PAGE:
As with any ranking system, this list is subjective to the author. I will say that my rankings tend to lean more towards the ceiling on a player, but I do also take into account the floor of a player, and the likelihood the players can reach their ceiling. Numbers are nice, but when looking at prospect rankings, numbers can sometimes mean very little. For example, is it fair to judge a 20 year old in high A the same as a 23 year old in West Michigan? Of course not. Some numbers are good indicators but nothing beats seeing players in person, or talking to people who watch them. I have done both recently, and am going to watch even more in a couple weeks.
This list is different from the beginning of the year of course, and could easily change once again before next season.
Here we go…
15. Tyler Gibson (OF) GCL Tigers
Gibson is a young outfielder that the Tigers went over-slot for in the 2011 draft last year. A son of a baseball coach, Gibson has quality tools and a reasonably high ceiling. However, he is still raw in his skills and has a long way to go to get his tools to work on a baseball field. If all goes well the Tigers will have themselves a power hitting corner outfielder with a strong throwing arm. Gibson looks like a future right fielder. He also runs well currently, but will slow down as he gets a little bit stronger and bigger. Gibson has to work on hitting the breaking ball, and his pitch recognition, so there is some swing and miss, but he isn’t afraid to take a walk either.
So far in 2012 Gibson is struggling at the dish, hitting just .196 so far. However, 4 of his 10 hits have gone for extra bases, and he has stolen 7 of 8 bases he has attempted.
14. Marcelo Carreno (SP) West Michigan
The pitcher formerly known as Josue, Carreno is back repeating a level at West Michigan this year. While his numbers aren’t as impressive as Tommy Collier’s, Carreno has a mid-rotation ceiling, and probably the most aggressive ranking here that you will see on him. Despite repeating, Carreno turned 21 years old just last week. He has a 3 pitch repertoire that includes a fastball, curve, and change up. His fastball is just average in the low 90′s, but he has a solid breaking ball and good change. His frame suggests an innings eater, and he is a strike thrower. Carreno has a strong K/BB rate, and keeps the ball in the yard. Carreno’s walk rate, and BAA has improved each of the past two years, as has his ERA.
Currently for West Michigan Carreno has an ERA of 3.62 and I wouldn’t be surprised if he pitches for Lakeland by the end of the year.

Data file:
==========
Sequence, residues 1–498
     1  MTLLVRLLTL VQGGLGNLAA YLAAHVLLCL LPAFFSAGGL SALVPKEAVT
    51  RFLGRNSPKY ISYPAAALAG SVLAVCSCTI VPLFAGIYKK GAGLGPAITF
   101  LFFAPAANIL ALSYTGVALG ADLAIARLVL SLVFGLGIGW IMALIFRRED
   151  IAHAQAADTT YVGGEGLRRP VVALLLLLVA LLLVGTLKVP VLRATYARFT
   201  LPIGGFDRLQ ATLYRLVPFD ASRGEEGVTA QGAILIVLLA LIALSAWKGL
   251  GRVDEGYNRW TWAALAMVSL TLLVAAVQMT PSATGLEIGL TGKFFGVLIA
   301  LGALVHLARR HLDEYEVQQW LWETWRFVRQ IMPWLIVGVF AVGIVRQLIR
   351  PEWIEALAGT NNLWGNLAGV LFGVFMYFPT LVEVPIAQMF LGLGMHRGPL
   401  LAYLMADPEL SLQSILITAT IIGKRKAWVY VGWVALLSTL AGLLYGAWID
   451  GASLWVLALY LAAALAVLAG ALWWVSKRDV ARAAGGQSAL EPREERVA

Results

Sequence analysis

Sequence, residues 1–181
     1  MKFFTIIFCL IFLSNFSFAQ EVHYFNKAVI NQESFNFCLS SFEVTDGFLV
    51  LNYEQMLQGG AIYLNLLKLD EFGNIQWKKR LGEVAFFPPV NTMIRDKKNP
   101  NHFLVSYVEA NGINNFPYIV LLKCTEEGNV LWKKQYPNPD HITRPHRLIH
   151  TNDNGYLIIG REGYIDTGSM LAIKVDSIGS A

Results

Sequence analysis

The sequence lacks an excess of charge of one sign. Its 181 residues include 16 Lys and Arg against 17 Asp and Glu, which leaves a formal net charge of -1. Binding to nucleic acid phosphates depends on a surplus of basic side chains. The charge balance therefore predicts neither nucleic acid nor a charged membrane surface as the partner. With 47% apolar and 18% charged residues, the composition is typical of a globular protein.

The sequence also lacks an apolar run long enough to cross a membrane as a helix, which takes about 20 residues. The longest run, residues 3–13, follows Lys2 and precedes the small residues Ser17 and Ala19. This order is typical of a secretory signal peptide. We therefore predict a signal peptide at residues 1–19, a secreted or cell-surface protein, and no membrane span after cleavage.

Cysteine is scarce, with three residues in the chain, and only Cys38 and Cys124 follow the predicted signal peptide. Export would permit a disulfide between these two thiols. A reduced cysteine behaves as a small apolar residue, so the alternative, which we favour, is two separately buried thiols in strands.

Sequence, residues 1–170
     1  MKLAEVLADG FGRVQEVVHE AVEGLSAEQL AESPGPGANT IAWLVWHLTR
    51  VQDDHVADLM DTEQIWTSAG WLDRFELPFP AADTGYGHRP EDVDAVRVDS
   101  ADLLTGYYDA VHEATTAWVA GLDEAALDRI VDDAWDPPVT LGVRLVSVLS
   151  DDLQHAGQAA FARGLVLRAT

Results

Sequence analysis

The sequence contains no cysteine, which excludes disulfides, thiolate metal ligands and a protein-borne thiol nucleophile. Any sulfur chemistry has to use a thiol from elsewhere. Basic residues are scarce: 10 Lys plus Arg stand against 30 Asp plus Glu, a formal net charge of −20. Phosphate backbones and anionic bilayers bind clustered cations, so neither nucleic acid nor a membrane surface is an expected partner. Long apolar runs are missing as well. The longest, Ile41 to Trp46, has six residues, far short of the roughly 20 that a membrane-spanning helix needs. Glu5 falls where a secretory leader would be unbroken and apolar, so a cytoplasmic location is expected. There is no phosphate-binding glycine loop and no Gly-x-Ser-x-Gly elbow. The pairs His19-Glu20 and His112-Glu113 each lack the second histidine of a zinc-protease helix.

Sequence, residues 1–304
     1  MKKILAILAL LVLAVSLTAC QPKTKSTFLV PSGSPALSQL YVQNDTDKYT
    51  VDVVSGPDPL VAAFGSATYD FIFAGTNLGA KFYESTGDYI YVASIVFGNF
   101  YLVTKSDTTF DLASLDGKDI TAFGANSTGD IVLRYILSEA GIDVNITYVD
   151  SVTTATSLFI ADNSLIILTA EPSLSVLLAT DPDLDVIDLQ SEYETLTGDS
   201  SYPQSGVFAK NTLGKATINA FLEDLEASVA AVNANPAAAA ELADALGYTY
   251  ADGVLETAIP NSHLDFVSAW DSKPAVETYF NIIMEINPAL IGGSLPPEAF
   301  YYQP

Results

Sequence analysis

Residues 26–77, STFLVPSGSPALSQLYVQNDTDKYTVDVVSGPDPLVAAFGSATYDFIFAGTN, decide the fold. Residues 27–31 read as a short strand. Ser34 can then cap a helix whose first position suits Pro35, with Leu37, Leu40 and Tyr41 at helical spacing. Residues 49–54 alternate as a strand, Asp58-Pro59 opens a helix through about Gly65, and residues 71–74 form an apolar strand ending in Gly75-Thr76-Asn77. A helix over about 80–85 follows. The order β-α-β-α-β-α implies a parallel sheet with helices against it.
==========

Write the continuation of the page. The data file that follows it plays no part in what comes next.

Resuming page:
13. Daniel Fields (OF) Lakeland
Fields has been on the radar for a while now. He had himself a strong spring, getting some good at-bats in with the big league club. His start in Lakeland was also strong, but then suffered an injury and a little slump prior to that. He has just gotten back to playing at this point. The raw talent is still there, but he is going to need a bigger 2nd half to become relevant in prospect circles again. His K rate has dropped from last year, but so has his walk rate. He essentially has the same OPS in 2012, that he did in 2011 with Lakeland, and this is his 3rd year at the same level. The strength, speed, and arm are all quality tools, but Fields needs to put them into use on the field at some point soon.
So far in 2012 with Lakeland, Fields is hitting .250 with just 2 home runs. He is stealing some bases though, as he has been successful in 12 of his 15 attempts.
12. Steven Moya (OF) West Michigan
I have to get this off my chest here. Despite the massive improvements in Steven Moya from last year to this, and his rise as a prospect in the Tigers system, he still has a very long way to go. The biggest improvement in Moya’s game is his K rate. It has dropped from 37.7% to 22.9%, while his BB rate has seen a slight increase to 4.6%. Those numbers aren’t good, but it is such an improvement, you can’t help but get excited. Why? Moya has massive power potential, and for a guy his size, he isn’t a bad athlete. Moya is a RF all the way, and has become a better hitter overall, as indicated by a 90 point increase in his wOBA. His BABIP is high this season, and I don’t expect him to hit for a ton of average in the future, but he could be a 30+ home run guy annually if he continues to make strides in his plate discipline.
So far on the season, Moya is hitting .288 and has an OPS of .801, but has landed on the D.L. for a second time recently. He doesn’t turn 21 until September, so there is plenty of time for Moya to still be a prospect.
11. Andy Oliver (SP) Toledo Mud Hens
Honestly, I am sick of having to rank Andy Oliver in the top 15, but the Tigers system almost demands it. That says all we need to know about the state of the farm system. Oliver, as we all know, has a fantastic arm. A mid 90′s fastball, but can’t command anything. It’s about time the Tigers move him to the pen and see if they can get a power reliever out of him, as he has just about killed any sort of trade value in AAA this season. Still, in a system devoid of high level arms, he ranks up there literally on the strength of his arm.
His stat line for the Mud Hens this year? 4-8 with an ERA of 5.11. In 91 innings, he has walked 65 batters. Oliver is still just 24 years old, but the clock is ticking…